Racism in the medical industry 

Saije-Awoyefa, Racism in the medical industry , Culture Currents
Saije Awoyefa

by Saije Awoyefa 

A new Oprah Winfrey documentary, “The Color of Care,” only confirms what many people in our community already know: People of color (POC) experience racism in the medical industry pretty often. I have family members and close friends who have dealt with medical racism. 

Hearing their stories really rubs me the wrong way and makes me more conscious about what is really going on in the medical industry. There are POC getting mistreated every day not because of their color, but because many doctors believe in the myth of white supremacy. 

Racist medical mistreatment dates back to the 1800s when white men practiced medical procedures on enslaved Africans. This would happen without the consent of these enslaved Africans and also without any type of drug to keep them from feeling the excruciating pain of what was being done to them. 

These white doctors believed that Black people have thicker skin and skulls than white people do. They also thought that Black people had stronger nervous systems, which meant they couldn’t feel pain. As recently as 2016, many white medical students still believed these racist myths. 

White-doctor-cant-see-Black-patient-art-by-Brian-Stauffer-1400x749, Racism in the medical industry , Culture Currents
A doctor who cannot see the patient as a person, a fellow human being, cannot provide good health care. –  Art: Brian Stauffer

I have relatives who have had racist experiences in healthcare facilities. I was told by my grandmother, Ms. Phavia Kujichagulia, an experience she had when she was younger and had to get stitches in her knee. She explains, “I had like five doctors, my mom, and nurses all holding me down, and they stitched me up with no anesthesia because they said they need the anesthesia for their white patients and Black people don’t feel pain.”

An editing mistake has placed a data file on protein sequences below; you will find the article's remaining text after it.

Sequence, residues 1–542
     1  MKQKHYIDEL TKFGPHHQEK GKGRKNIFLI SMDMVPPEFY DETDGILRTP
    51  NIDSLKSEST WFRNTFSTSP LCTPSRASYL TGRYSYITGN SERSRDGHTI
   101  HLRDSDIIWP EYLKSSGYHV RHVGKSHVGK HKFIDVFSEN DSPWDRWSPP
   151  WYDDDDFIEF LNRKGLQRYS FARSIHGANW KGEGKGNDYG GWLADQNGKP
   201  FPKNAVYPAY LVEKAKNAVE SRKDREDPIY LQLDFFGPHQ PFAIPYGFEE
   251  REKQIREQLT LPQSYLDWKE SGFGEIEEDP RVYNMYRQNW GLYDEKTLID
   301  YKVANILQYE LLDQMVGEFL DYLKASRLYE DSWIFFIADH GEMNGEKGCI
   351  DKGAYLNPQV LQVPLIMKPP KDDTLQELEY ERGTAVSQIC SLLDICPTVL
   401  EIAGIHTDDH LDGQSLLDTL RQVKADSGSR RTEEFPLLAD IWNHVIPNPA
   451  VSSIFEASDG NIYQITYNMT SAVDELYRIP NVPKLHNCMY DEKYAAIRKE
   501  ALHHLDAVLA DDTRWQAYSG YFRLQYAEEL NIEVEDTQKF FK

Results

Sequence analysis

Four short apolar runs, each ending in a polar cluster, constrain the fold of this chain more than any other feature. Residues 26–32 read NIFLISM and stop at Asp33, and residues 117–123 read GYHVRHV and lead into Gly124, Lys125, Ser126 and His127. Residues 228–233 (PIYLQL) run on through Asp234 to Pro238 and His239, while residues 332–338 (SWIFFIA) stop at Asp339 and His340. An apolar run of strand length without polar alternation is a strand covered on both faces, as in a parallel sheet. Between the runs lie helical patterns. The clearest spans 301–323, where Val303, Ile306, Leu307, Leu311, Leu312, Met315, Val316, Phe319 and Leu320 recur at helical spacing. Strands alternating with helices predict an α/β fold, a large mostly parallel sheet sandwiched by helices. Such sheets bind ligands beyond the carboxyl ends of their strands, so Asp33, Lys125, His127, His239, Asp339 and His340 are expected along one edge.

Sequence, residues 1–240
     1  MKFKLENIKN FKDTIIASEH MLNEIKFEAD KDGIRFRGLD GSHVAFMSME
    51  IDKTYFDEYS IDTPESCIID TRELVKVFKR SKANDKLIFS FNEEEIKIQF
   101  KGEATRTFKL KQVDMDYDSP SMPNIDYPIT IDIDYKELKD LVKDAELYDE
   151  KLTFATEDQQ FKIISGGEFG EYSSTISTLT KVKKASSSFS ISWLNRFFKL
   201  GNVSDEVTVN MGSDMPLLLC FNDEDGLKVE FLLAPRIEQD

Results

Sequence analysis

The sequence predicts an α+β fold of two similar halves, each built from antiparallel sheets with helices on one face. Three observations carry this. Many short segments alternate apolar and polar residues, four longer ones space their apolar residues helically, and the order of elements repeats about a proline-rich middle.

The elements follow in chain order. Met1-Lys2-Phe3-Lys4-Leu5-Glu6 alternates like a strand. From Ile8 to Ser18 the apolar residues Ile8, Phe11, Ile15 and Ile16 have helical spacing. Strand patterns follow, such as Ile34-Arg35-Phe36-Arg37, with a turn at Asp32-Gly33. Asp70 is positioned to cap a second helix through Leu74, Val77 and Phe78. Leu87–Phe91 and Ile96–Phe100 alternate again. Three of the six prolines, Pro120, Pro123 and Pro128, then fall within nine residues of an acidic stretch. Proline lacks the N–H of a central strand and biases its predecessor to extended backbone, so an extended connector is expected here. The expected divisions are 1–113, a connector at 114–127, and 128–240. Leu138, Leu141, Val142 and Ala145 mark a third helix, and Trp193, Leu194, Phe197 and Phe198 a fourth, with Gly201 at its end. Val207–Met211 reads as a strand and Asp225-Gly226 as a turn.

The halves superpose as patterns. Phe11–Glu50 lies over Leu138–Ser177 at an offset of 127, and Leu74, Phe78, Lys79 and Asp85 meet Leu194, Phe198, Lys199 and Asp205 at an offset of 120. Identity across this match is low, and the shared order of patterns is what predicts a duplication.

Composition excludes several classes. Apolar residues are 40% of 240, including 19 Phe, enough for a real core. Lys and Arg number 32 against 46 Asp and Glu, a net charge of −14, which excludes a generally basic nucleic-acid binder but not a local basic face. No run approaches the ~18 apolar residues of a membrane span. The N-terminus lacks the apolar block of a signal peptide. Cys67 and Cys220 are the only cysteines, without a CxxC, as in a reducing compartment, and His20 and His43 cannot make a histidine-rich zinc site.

It really hurts me to know that POC go through this type of mistreatment so often and how much of an effect it has on their perspective of healthcare. Some of the injustices that POC have to go through when dealing with the medical industry include stereotyping, lack of respect and language barriers. 

Racist mistreatment is due in part to underrepresentation of POC in medical leadership roles.  According to the Commonwealth Fund, “In 2019, when Black and other racial minority groups made up about 39 percent of U.S. residents, they comprised only 19 percent of hospital boards and 16 percent of executive leadership roles.”  This disproportionately low representation, in addition to experiences like the example I gave earlier and white doctors’ racist beliefs about their non-white patients, are why many POC don’t trust the medical industry. The history of racist medical mistreatment still weighs heavily on the perception that POC have on the medical industry. 

I took it upon myself to see how this matter is affecting people today. I’ve surveyed people of all backgrounds, primarily Californians, to talk about their experiences with the medical industry. Here are their responses:

Patient-doctor-racial-match-survey-by-Saije-Awoyefa-0422-1400x588, Racism in the medical industry , Culture Currents

An alarming percentage of people have never had a doctor who looks like them (ethnically).  Surveying 58 people, I found that nearly one-third of them have never been treated by a doctor who matched their racial identity.  About a quarter of people responded that only one of their doctors was of their ethnicity. Fewer than  2 percent said all of their doctors matched their ethinic background. 

Treatment-of-Blacks-in-medical-setting-survey-by-Saije-Awoyefa-0422-1400x588, Racism in the medical industry , Culture Currents

Nearly half of the people who took the survey have been impacted by racist mistreatment in the health care system. When asked Have you ever been treated badly or unfairly in a medical setting?” 12.1 percent answered, “No, but someone I personally know has;” 22.4 percent answered, “No, but I’ve heard about things like that happening;” and 12 percent answered, “Yes, it has happened to me personally.” Those three percentages together make up a grand total of 46.6 percent. 

This racist mistreatment will potentially keep people from seeking medical attention. In worst case scenarios, as illustrated in “The Color of Care,” people will go seek medical attention and not receive the care that they need. 

The California Reparations Task Force is currently meeting to determine reparations for Black Californians. Since there has not been any determined reparations, I suggest that one of these reparations should have something to do with the healthcare that we are receiving. We should have access to free healthcare of our choosing, and we shouldn’t be limited to just Western medicine practices. With the mistreatment that African Americans are receiving now, I think that this would only be fair. For more information about the California Reparations Task Force, you can visit: https://oag.ca.gov/ab3121

Saije is a professional dancer and graduating senior at Madison Park Academy High School. She can be reached via email at Saije.Awoyefa123@gmail.com.